Vertigo Crime’s series of Graphic Mysteries continues with The Bronx Kill, a collaboration between acclaimed British comic book writer Peter Milligan and artist James Romberger. Playing off the double meaning of the word “kill,” the duo have found one of those perfect titles for a crime story—and they don’t waste it. They nail the New York atmosphere and populate the city with generations of closeted skeletons that refuse to stay locked away. Like the Bronx waterfront the title refers to, the characters in the story are damp with rot and decay, and whether or not they’re found floating in the river, they are, each in their own way, drowning.
Cops run in Martin’s family, a tradition he thinks he ends by becoming a writer. The past, however, doesn’t let go quite so easily, and Martin finds himself haunted by the mysterious death of his Great-Grandfather at the “Bronx Kill” across from Randall’s Island, as well as the disappearance of his own grandmother that left his father without a mother growing up. As Martin begins to explore these issues in his new book, his wife suddenly goes missing, and he finds himself the police’s number one suspect. As Martin searches for the strange man he saw outside his apartment window one night, he also begins to piece together the missing parts of his family’s history.
One of the things that interests me in crime-themed graphic storytelling is the way that language—so central to the identity of the crime genre—undergoes a transformation. The cross-currents of comics and crime fiction go way back: Spillane worked in comics (and the influence on the Mike Hammer novels is certainly clear in its hyper-stylization), as did Robert Leslie Bellem (whose Dan Turner stories was also a comic series for a while). While the syncopated, concise dialogue that characterizes hard-boiled fiction is perfectly suited to the comic format, the stylized narration (whether first- or third-person) is not necessarily. Instead, it is replaced by images that must convey the internalized vision of the characters, the lilt of their voices, and the thousand-and-one nuances that can be communicated by even the shortest paragraph. The noir paradigm must become almost completely visual—and thankfully, the evocative nature of the noir style lends itself naturally to pictorial storytelling.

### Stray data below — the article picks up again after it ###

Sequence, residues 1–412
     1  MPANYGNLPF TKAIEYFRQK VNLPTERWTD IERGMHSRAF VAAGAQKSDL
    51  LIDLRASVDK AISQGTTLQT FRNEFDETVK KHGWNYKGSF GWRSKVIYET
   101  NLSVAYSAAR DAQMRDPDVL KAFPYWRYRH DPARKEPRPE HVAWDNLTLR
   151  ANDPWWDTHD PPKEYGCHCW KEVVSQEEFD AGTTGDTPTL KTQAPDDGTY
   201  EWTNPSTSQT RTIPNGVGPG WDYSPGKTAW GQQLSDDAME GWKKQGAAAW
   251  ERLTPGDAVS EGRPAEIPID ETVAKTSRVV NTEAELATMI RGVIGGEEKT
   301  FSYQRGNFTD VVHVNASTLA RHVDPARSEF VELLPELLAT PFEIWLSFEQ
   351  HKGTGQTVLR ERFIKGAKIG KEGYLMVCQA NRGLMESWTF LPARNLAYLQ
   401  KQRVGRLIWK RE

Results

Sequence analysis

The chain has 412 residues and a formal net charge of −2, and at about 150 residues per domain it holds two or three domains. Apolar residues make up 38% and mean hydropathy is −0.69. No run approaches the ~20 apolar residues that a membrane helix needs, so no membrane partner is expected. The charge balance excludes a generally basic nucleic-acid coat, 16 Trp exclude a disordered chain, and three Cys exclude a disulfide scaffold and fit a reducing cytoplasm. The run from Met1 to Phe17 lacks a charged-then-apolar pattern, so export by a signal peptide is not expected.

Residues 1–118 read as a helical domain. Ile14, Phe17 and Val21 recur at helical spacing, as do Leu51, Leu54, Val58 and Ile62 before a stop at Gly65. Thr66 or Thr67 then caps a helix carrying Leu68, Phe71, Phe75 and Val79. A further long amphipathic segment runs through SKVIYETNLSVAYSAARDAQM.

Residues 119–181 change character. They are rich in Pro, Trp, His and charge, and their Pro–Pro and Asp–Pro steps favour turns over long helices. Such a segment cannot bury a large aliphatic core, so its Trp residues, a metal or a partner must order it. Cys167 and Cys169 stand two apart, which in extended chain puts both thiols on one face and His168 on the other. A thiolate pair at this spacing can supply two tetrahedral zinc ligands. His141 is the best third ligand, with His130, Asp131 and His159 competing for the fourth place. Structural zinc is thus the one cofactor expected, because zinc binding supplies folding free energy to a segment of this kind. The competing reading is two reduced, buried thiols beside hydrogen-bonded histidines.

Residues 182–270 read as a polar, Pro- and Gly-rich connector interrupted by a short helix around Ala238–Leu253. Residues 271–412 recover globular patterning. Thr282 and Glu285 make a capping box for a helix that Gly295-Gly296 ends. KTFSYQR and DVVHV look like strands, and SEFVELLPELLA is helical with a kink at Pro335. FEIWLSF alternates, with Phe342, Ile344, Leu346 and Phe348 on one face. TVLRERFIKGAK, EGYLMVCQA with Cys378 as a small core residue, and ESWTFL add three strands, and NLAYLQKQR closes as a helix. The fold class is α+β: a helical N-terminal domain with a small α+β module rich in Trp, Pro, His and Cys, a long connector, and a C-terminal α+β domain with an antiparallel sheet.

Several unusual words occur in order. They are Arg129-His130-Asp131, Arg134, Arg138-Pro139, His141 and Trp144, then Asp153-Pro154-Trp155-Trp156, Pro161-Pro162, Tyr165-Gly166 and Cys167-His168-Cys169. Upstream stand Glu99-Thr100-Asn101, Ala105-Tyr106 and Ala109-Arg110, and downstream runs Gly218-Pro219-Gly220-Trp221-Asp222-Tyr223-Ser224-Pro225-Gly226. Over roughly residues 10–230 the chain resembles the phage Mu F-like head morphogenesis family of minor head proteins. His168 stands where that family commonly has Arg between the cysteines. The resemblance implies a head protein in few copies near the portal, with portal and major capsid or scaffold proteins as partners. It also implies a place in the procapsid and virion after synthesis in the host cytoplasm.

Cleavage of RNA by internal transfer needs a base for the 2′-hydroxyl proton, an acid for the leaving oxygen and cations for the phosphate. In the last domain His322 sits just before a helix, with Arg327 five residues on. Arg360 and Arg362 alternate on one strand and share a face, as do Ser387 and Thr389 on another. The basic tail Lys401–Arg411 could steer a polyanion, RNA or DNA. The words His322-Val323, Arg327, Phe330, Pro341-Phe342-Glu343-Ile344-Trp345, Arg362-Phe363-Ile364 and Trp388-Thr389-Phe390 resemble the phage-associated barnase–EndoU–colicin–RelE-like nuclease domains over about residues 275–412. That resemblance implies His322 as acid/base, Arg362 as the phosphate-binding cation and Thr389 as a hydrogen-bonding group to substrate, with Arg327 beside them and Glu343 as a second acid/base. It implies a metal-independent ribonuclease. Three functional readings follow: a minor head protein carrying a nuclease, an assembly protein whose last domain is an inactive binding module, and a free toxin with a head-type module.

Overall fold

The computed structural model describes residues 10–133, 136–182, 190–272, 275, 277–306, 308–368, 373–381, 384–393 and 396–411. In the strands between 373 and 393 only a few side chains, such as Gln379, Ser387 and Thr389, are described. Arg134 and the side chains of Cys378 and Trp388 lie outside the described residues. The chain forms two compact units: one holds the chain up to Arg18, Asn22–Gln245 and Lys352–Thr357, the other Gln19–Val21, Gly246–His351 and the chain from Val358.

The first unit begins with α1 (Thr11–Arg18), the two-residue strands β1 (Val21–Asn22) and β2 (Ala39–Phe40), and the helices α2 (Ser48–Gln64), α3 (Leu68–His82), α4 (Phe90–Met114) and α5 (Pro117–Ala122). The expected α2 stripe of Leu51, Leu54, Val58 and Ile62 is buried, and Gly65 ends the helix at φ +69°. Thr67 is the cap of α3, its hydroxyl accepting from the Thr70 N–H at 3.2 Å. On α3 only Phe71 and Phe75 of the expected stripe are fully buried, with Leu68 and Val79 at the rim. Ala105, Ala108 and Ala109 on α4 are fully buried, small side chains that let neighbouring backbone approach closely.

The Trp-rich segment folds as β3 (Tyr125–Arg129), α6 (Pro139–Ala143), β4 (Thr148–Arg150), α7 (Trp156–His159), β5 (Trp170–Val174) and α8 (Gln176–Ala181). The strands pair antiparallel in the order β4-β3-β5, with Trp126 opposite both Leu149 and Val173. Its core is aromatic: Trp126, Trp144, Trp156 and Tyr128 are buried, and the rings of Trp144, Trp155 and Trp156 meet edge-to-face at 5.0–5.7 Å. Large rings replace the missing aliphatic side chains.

Except for the occasional “AHGHH!” or other non-verbal outbursts, Milligan’s prose is decidedly understated. Dialogue moves swiftly, never getting caught up in either exposition or excessive description. This is where the partnership with Romberger pays off. The lack of color gives his drawings a monochromatic elegance, like the foggy set of an old Hollywood B-picture. Considering the story’s preoccupation with death, disappearance, and the past, the colorless characters fittingly evoke phantoms and the specter of death, which is always hiding just behind the next page.
The most interesting aspect of The Bronx Kill is not just the story itself, but the way it is told. It is a meta-narrative that gives us glimpses of Martin’s text as he is writing it. (The story-within-a-story is similarly a story drenched in murder, history, and family trauma.) We are even privy to Martin’s edits—words crossed out, others added, and assorted other jottings ranging from his own insecurities and questions about the text to connections to his own family’s past. In marked opposition to Milligan’s restrained prose, Martin’s paragraphs are full of long-winded sentences and overwrought passages. However, as Martin explains to his editor at one point, “It’s a first draft. Written under extraordinary circumstances.” By revealing the process of writing, Milligan shows the way (or one way, at least) in which narrative is constructed— or, rather, the way in which a narrator (like Martin) tries to make sense of out details that confound, confuse, and obsess us.
This is the second book in the Vertigo Crime series that I’ve read (the other was Jason Starr and Mick Bertilorenzi’s The Chill), and I continue to be impressed with their work. I’m looking forward to reading their upcoming books The Executor by Jon Evans and Andrea Mutti and Area 10 by Christos N. Gage and Chris Samnee.
And now for a couple of pieces of wisdom from The Bronx Kill…
“There is surely no good place to be killed. But this kill was not such a bad place to have your life snatched away, if snatched away it had to be.”
“It’s like all the pain just gets handed on and on, ain’t it?”
Cover art by Lee Bermejo
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